Usually when a fisherman tells a fish story, he makes the fish as big as he can carry. But on Wednesday, the U.S. Supreme Court hears a case about a fisherman convicted of deep-sixing some fish altogether so no one could accurately check their size.
The question before the justices is whether his conviction, based on a law passed after a scandal that destroyed energy firm Enron and resulted in criminal convictions for accounting firm Arthur Andersen, should get the hook.
Commercial fisherman John Yates and his crew were fishing for grouper in federal waters in the Gulf of Mexico when Florida Fish and Wildlife officer John Jones boarded the boat. Jones, suspecting that the fishermen were keeping fish smaller than the 20-inch minimum, measured some of the catch and found 72 grouper that were undersized. As fisherman Yates tells the story, he got “a citation for short fish; it’s like a speeding ticket.”
Jones, who had been deputized as a federal officer, ordered the fish kept, but when the boat arrived on shore he determined that the fish in the crate were not the same ones he had measured. Yates professes surprise at what happened down the line.
“Three years later, all of a sudden they come with bulletproof vests and guns. They put me in handcuffs and they took me to jail,” he says.
The government tells a very different story. Solicitor General Donald Verrilli says the state inspector put the undersized fish in a crate on board Captain Yates’ boat and instructed him to bring the box back to shore, where he would be met by federal authorities.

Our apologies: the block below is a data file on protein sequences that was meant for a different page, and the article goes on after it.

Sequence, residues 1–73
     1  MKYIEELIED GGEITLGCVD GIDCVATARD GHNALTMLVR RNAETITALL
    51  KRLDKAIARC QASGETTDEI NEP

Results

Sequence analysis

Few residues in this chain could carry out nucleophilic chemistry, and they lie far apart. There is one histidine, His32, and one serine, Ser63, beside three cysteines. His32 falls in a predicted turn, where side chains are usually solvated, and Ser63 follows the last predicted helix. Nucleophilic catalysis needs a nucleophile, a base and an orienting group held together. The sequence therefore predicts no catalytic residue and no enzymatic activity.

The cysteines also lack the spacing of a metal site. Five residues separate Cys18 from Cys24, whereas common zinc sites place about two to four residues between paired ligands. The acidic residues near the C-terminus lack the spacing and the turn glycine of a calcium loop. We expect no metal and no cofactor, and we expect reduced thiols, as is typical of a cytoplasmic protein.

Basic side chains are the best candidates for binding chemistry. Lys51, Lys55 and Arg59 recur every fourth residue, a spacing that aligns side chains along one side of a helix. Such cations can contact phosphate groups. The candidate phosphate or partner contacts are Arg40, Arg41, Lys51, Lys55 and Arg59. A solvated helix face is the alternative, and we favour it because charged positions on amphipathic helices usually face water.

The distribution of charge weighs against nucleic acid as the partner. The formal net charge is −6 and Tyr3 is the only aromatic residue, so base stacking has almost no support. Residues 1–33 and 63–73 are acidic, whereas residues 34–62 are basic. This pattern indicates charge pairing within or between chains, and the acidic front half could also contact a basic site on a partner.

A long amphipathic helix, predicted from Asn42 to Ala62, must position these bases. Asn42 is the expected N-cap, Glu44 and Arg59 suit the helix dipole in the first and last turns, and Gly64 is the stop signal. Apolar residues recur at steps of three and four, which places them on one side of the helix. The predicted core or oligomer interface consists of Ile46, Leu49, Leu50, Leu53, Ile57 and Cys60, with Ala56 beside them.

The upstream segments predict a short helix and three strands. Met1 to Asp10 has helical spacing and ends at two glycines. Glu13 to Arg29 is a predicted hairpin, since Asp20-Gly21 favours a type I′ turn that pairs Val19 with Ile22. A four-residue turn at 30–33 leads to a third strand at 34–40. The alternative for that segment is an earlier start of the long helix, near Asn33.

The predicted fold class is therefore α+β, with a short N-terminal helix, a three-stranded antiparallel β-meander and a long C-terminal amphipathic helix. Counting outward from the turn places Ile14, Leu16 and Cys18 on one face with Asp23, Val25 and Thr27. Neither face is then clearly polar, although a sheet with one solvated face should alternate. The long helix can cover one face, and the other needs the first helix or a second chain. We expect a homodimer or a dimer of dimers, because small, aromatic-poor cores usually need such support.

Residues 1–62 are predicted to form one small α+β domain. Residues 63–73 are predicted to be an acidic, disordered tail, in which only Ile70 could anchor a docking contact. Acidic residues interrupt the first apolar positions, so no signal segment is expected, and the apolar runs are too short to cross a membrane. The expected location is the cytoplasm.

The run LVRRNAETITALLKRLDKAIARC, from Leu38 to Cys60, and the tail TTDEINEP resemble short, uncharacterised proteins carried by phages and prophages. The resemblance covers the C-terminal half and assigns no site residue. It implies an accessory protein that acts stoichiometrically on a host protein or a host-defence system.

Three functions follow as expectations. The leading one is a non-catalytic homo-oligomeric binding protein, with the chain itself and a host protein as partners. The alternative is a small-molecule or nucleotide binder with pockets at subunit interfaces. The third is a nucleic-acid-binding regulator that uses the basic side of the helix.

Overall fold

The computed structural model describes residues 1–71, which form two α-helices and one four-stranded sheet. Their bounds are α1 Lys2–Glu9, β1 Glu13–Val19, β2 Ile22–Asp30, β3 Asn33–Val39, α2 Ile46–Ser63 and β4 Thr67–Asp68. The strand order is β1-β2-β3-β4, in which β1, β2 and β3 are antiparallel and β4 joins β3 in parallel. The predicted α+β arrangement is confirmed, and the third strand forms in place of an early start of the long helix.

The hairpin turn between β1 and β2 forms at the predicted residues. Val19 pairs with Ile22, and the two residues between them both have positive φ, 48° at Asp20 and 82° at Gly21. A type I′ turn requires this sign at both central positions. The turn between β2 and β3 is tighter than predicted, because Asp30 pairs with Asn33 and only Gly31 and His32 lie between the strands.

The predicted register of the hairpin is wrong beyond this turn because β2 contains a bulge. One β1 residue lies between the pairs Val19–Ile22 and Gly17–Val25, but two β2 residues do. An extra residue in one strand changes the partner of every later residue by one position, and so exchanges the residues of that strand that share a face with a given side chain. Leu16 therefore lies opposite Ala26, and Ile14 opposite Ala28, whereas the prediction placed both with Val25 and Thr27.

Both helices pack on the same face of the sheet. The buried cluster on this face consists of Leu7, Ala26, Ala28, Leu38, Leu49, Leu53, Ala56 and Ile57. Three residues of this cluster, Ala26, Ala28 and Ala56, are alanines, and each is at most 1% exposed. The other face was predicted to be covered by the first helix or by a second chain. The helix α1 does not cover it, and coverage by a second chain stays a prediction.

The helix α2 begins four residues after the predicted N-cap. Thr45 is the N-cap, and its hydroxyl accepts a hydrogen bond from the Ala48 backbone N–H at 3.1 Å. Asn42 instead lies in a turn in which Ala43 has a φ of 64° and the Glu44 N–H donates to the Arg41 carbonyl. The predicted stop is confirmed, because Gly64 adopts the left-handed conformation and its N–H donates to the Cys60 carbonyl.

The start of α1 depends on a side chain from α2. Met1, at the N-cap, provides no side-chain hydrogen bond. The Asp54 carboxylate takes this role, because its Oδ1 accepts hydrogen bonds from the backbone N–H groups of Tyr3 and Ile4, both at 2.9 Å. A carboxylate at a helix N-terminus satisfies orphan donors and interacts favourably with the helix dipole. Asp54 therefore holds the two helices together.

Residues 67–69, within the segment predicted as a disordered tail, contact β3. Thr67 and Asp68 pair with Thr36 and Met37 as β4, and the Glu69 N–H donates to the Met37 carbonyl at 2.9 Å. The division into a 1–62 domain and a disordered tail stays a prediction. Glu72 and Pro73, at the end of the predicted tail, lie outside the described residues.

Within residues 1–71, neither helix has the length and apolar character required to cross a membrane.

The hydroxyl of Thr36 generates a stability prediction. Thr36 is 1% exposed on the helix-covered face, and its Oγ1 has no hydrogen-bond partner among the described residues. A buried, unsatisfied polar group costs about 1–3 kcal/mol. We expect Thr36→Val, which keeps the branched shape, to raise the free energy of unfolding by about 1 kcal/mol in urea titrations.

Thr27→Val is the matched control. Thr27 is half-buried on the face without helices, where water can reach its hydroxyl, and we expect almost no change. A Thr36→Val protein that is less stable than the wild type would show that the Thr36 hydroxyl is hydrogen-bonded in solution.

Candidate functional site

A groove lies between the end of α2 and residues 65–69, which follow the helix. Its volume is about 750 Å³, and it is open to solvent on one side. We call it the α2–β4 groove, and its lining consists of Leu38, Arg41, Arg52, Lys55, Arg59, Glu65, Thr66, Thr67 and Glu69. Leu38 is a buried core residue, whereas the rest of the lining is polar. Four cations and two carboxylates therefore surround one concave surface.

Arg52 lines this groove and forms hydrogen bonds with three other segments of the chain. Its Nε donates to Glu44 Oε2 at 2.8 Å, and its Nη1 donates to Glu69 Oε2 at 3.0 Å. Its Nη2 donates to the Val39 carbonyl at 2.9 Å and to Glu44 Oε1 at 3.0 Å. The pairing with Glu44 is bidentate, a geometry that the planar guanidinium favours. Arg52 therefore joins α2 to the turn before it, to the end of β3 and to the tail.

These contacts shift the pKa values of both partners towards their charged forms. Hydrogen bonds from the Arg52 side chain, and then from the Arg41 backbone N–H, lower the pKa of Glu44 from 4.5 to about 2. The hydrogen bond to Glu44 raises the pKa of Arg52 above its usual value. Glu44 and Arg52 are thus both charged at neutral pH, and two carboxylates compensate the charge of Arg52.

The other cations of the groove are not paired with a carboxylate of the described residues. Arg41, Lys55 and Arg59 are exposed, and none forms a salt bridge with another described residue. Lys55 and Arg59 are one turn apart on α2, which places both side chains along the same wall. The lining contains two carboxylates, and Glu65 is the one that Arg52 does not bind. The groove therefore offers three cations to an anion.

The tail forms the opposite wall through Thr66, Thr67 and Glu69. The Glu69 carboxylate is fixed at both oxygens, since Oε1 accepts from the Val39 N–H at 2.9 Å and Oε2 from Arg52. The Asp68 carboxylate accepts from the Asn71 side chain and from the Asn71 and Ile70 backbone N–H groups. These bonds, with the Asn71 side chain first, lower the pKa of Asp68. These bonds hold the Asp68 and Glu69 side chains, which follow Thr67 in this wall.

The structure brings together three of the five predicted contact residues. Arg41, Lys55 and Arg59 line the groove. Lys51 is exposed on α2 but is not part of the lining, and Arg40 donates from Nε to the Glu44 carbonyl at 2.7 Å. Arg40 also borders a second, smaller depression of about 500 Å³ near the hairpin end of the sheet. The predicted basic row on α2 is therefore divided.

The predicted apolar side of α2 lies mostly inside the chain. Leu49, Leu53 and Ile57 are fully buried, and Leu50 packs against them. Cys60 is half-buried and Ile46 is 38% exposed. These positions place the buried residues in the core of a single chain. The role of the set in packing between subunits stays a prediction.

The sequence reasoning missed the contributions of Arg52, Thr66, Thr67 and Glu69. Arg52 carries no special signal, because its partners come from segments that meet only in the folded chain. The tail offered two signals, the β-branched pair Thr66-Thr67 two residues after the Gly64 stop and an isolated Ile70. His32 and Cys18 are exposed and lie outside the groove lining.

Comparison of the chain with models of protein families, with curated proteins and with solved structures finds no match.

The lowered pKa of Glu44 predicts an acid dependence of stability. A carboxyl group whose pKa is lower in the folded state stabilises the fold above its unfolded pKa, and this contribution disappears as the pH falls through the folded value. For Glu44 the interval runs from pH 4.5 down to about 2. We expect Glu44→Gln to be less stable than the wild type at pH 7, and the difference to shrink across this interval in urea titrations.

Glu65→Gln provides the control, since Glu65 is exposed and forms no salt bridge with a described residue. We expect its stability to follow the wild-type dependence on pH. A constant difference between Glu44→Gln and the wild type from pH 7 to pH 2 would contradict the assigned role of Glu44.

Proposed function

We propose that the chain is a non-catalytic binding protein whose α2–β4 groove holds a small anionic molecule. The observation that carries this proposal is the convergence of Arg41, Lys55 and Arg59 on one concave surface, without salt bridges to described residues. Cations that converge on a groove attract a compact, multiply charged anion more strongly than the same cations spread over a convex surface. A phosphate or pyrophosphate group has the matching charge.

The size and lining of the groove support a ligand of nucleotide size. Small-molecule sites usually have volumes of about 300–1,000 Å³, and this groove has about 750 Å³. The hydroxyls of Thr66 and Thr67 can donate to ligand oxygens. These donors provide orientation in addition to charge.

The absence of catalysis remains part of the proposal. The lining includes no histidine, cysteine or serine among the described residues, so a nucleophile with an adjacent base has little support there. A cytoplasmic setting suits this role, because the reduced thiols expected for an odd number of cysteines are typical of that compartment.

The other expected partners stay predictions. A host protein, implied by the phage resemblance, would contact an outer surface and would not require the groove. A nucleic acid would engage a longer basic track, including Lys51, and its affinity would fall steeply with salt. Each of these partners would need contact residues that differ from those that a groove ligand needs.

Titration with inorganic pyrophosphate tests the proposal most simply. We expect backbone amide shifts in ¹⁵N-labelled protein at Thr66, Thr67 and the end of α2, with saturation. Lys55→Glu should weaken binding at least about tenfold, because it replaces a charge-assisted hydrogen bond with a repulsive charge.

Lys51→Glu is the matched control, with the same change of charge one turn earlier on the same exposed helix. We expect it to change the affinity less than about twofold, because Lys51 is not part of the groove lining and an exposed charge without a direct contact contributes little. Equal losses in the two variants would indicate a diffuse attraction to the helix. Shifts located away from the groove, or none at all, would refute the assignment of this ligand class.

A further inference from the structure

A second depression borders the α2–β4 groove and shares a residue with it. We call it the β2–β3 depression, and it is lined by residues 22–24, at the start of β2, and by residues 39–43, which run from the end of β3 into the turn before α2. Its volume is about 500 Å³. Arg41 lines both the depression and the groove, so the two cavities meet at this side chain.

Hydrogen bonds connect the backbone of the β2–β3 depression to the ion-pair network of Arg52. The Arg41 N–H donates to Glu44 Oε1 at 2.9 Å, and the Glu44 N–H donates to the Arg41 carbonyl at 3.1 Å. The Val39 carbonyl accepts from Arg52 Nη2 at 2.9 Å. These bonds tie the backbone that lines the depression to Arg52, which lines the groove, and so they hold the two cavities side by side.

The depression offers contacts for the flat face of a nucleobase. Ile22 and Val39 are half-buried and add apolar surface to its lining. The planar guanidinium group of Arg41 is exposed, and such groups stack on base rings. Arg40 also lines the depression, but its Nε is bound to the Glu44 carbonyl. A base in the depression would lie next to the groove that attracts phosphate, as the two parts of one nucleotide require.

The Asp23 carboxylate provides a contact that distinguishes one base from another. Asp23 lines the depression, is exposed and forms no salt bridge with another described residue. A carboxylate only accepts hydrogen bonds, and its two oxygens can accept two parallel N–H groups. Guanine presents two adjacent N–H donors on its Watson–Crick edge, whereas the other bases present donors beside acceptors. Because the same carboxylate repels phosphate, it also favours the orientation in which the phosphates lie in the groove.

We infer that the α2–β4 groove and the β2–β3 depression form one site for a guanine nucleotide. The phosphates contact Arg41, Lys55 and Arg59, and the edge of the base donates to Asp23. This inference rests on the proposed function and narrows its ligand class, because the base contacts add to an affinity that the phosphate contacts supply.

Verrilli says that once the state inspector had left the boat, Yates instructed one of his crew: “Take that crate of fish, dump it overboard, and replace it with fish that were no longer undersized. And then the employee got back on shore and he ratted out his boss.”
Yates was convicted of destroying evidence to impede a federal investigation and sentenced to 30 days in jail. He appealed all the way to the Supreme Court, contending that the law used to prosecute him was meant to apply to documents and records, not fish. He has a small army of supporters, particularly in the business community.
The federal government, however, argues that the law was clearly written and intended to be a broad anti-obstruction-of-justice law that would fill gaps in the criminal code that had long existed. The text of the law makes it a crime to destroy, alter or cover up “any record, document, or tangible object with the intent to … impede or obstruct” the investigation of “any matter” within federal jurisdiction.
The government looks at that language and says the plain meaning covers more than just financial records. Indeed, for more than a decade, federal prosecutors have used the statute in obstruction cases involving everything from terrorism to environmental safety violations; the “tangible object” that defendants sought to alter or destroy has included human bodies, bloodstains, guns, drugs, cash and automobiles. Most recently, the statute was used to win the conviction of a Boston man for helping the accused Boston Marathon bomber conceal physical evidence of his crime.
At the Supreme Court on Wednesday, Assistant Public Defender John Badalamenti, representing captain Yates, will tell the justices that the government’s argument is a huge overreach.
“This statute does not cover the destruction of anything but records or documents,” he says. Indeed, he notes, the title of this section of the law is “Destruction and Alteration of Records” and, he contends, the purpose of the law was to prevent and punish obstruction in the financial industry.
“I would not dispute that anything can be a tangible object under the broadest dictionary definition. But they have to be read in the context of all the words that Congress legislated,” Badalamenti says.
Supporting the argument and opposing the government’s position is a phalanx of business organizations, as well as defense and civil liberties lawyers. They contend that if the Court upholds the government’s broad reading of the statute, it will give prosecutors the power to seek penalties of up to 20 years in prison if an individual destroys any object, no matter how trivial, with the intent of obstructing a federal investigation.
The government replies that the “records only” argument would make it a crime for a murderer to destroy his victim’s diary, but not the murder weapon.